The 3rd U.S. Circuit Court of Appeals sitting in Philadelphia must be hoping not to slip up on the appeal being heard in the case between Kangaroo Manufacturing which is now the subject of an injunction issued by a federal trial judge preventing it making a banana costume that seemingly resembled that of costume-maker Rasta Imposta. Kangaroo are arguing that nothing makes the Rasta Imposta costume protectable by copyright as it lacks any distinctive features and resembles - well, a banana. U.S. District Judge Noel Hillman used terms such as “bananafest” and “bananapalooza” at a hearing, and he then issued what the Times termed “a split decision” in favor of Rasta Imposta on two of the issues and in favor of Kangaroo Manufacturing on one.
Infowars' Alex Jones, who has been sued by Pepe the Frog artist Matt Furie for allegedly infringing Furie’s copyright on the cartoon frog by putting Pepe on a poster that Infowars was selling, has made a number of defences to his actions in a wide-ranging deposition, comparing his use of Pepe the Frog to artist Andy Warhol's paintings of Campbell’s soup can and saying “[Pepe the Frog] is a symbol of free speech” adding .“There’s now a movement to try to then control and own symbols that have entered the public domain and public use….and so now I see it as basically a tombstone of free speech and fair use in the Western world. So I see it for what it is, from the perspective of the corporate fascists.” Much more on Motherboard here.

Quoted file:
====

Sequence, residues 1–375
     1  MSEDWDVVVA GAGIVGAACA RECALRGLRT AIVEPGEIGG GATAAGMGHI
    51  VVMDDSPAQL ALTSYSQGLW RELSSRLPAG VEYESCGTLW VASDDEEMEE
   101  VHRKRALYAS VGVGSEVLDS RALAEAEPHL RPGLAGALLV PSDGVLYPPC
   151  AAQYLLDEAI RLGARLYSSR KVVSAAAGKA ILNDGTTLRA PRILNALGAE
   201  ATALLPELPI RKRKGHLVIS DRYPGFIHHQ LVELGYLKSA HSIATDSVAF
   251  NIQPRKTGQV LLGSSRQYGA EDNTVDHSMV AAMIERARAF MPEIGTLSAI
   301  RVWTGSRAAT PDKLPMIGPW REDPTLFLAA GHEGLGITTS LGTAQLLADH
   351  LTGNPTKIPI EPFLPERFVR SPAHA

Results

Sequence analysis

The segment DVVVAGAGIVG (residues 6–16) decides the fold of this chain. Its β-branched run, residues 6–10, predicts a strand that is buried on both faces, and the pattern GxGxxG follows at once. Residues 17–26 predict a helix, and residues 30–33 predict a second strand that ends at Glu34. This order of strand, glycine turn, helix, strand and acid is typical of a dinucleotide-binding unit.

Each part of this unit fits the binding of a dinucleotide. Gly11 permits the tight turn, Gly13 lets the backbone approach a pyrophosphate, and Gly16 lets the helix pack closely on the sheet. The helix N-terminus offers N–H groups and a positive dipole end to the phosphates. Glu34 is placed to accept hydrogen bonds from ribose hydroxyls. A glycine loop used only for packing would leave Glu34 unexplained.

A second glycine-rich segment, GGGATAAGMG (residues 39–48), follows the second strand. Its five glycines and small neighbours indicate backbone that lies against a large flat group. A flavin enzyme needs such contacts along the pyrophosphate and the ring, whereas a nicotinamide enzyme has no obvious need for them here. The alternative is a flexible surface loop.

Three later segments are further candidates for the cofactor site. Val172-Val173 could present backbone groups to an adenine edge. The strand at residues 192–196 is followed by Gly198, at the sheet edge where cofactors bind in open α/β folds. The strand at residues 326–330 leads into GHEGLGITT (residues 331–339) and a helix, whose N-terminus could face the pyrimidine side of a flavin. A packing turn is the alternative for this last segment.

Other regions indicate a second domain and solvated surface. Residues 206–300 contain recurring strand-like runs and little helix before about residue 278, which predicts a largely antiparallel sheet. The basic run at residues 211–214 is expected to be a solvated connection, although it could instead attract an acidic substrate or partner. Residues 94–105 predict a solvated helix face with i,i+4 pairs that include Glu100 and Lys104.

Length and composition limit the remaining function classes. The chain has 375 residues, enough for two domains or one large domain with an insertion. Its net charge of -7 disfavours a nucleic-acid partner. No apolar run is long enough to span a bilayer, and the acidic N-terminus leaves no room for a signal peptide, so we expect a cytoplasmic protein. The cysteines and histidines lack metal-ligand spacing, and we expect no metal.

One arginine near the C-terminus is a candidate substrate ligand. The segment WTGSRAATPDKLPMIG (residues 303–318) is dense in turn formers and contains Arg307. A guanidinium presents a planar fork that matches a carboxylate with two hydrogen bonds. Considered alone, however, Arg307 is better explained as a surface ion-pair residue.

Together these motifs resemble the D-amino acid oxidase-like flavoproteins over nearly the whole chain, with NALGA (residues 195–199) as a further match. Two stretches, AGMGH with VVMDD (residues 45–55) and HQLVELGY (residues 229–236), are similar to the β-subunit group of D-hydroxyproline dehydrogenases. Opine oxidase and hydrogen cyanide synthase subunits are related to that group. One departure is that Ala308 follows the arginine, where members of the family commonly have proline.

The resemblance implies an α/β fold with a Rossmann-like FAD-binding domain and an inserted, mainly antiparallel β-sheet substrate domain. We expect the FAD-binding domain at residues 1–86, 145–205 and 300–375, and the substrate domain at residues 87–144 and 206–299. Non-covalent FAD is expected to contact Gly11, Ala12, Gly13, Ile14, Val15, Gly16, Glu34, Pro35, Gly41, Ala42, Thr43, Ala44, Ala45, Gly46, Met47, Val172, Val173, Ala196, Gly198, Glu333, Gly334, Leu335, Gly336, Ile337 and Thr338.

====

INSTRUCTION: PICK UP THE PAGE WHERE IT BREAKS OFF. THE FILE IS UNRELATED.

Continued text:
The EU Council has now approved the European Copyright Directive, the last step in the EU legislative process - it is now up to each EU member state to implement the new copyright laws. "It was a long road and we would like to thank everyone who contributed to the discussion" said Helen Smith, head of the pan-European independent record label group IMPALA. "As a result, we now have a balanced text that sets a precedent for the rest of the world to follow, by putting citizens and creators at the heart of the reform and introducing clear rules for online platforms".
A video in support of Donald Trump's 2020 re-election campaign has been removed from Twitter . The video uses music from the Warner Bros Batman film 'The Dark Knight Rises' and in a statement Warner Bros. confirmed it was taking action over the video: "The use of Warner Bros.’ score from The Dark Knight Rises in the campaign video was unauthorized," a spokesperson said. "We are working through the appropriate legal channels to have it removed.” The video in Trump's tweet had been replaced by a message that it was no longer available "in response to a report by the copyright owner."
And finally, Chinese authorities have suspended country's largest stock images provider's website after it was found to have put its copyright mark on the first ever photo taken of a black hole. China Daily reported that Visual China Group (VCG) had published the black hole photo with a watermark to indicate ownership and that a fee was payable for use. The cyberspace affairs authority in Tianjin (North) to suspend its website. The incident led to the Chinese National Copyright Administration to say that it would launch a campaign to regulate the image copyright market, noting that firms should set up mechanisms to uphold copyright as per legal requirements, here that image from the Event Horizon Telescope was available for use where it was properly attributed, a position commonly taken by the European Southern Observatory and the National Aeronautics and Space Administration (NASA). The black hole measures 40 billion km across - three million times the size of the Earth - and has been described by scientists as "a monster". It is 500 million trillion km away. And we are delighted to say this image is from the Event Horizon Telescope (EHT), a network of eight linked telescopes.